It is important to note that, in accordance with paragraph 6 of the Doha Declaration, the system will operate in a scenario where there is only one global supplier of patented medicines and therefore there will be no source available for generic drugs. The application of such a system is necessary when the patent holder refuses to supply a patented drug in a country (whose drug manufacturing capacity is insufficient or non-existent) at a price acceptable to the country concerned or under other conditions acceptable to the country concerned. The basic assumption for the application of the system is therefore a situation in which a) a drug is available and could be sold by the patent holder to the country in need, and b) the patent holder opposes it. The TRIPS agreement and the Doha “solution” to increase the availability of essential medicines have two obvious advantages over alternative mechanisms: it is already present in international law and enjoys the political support of the Declaration of Sustainable Development. India has manufacturers capable of producing generic equivalents of sofosbuvir, as does Malaysia. Can countries that do not have production capacity adopt the same strategy? Prior to the Doha Declaration, patent holders would not have been impressed by the threat of a mandatory license from a country without domestic production capacity. Since the statement, such a threat would be credible. Although the Doha Declaration solution has only been used once, it has been sufficient to demonstrate that this is possible as long as countries with production capacity are ready to cooperate. The decision recognizes that the viability of the “solution” depends largely on the existence of economies of scale that justify production. However, in accordance with paragraph 6 of the decision, savings of this magnitude are expected only in cases where the importing country is a party to a regional trade agreement consisting of at least half of its current membership from the least developed countries.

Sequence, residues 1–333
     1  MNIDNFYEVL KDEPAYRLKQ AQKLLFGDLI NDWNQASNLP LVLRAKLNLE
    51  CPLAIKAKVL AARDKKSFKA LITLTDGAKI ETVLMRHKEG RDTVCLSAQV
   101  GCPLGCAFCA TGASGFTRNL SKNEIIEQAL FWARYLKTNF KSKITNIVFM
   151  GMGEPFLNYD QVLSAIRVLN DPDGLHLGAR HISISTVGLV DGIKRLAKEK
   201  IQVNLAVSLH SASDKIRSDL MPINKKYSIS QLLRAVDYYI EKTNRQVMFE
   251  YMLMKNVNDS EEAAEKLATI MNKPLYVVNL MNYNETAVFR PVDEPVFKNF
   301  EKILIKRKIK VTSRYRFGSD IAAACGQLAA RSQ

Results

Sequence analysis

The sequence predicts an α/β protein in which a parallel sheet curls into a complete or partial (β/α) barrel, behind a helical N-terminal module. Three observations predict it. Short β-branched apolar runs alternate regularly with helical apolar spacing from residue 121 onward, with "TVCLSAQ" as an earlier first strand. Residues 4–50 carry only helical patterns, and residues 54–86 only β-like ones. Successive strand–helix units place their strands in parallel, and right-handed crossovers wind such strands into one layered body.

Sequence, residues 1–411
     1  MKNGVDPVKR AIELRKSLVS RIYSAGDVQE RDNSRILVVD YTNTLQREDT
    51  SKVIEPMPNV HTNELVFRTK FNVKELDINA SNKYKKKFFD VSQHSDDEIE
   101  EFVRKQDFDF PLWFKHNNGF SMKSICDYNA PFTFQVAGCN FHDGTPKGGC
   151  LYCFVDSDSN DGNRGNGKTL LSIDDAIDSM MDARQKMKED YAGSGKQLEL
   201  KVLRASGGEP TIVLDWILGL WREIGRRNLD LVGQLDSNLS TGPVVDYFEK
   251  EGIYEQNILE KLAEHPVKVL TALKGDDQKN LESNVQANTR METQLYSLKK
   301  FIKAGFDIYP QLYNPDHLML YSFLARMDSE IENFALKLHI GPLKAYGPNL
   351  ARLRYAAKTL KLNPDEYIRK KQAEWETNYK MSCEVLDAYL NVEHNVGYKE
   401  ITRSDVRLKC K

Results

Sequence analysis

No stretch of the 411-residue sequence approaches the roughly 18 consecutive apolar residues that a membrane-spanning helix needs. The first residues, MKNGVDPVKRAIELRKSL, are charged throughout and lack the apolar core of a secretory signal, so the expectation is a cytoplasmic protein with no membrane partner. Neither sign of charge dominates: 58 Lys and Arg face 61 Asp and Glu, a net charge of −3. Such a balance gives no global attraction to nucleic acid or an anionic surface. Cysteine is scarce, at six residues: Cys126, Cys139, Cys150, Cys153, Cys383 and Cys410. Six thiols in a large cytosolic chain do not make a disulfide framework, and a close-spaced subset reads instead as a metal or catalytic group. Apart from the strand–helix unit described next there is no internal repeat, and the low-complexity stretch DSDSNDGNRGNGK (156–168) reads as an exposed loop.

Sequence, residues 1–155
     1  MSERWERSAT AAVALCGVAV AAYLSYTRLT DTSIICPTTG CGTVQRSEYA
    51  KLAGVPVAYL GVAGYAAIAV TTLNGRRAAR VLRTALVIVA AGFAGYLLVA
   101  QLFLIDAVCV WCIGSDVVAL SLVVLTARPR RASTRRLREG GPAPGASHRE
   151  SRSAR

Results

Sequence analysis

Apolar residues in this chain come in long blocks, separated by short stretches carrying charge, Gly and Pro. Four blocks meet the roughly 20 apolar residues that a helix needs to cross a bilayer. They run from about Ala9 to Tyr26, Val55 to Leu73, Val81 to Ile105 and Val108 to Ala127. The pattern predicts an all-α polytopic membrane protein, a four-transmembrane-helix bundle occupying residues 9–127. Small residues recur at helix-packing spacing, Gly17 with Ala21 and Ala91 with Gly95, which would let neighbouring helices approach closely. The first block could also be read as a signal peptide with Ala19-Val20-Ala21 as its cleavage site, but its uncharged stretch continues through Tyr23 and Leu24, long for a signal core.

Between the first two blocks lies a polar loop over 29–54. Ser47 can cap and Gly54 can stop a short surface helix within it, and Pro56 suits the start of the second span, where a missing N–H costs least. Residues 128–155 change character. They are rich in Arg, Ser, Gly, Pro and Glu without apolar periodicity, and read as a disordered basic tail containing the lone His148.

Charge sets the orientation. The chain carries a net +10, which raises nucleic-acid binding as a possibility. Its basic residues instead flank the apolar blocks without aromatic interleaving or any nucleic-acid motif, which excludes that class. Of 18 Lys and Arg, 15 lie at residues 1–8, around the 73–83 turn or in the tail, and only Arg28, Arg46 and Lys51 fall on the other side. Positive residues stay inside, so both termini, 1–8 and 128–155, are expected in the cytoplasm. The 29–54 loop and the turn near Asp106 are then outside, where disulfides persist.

In this case, the obligation to that member, in accordance with Article 31.f of the TRIPS agreement, is removed to the extent necessary for a drug produced or imported in that Member State to be exported to the markets of other contracting parties to the regional development or development trade agreement or from least developed countries that share the health problem in question. Given the demand for participation of the least developed countries, this exemption applies only to certain regional agreements in Africa and not to other regions24, limiting the impact on economies of scale that could have been achieved. By 1995, when the TRIPS AGREEMENT came into force, Brazil and Thailand had already begun producing first-generation generic antiretroviral drugs that were not patent-protected at the time. The TRIPS agreement allowed low- and middle-income countries to wait until 2005 before the agreement was implemented. However, under international pressure, Brazil and Thailand previously offered patent protection and pharmaceutical companies acquired patents on recent antiretroviral drugs7. However, under pressure from industrialized countries, Thailand initially refused, while Brazil faced a request for WTO arbitration from the United States8. to become attractive to potential suppliers … Since eligible import markets will not be large in very small countries, generic drug manufacturers may not be interested in producing these small quantities and waiting for economies of scale. »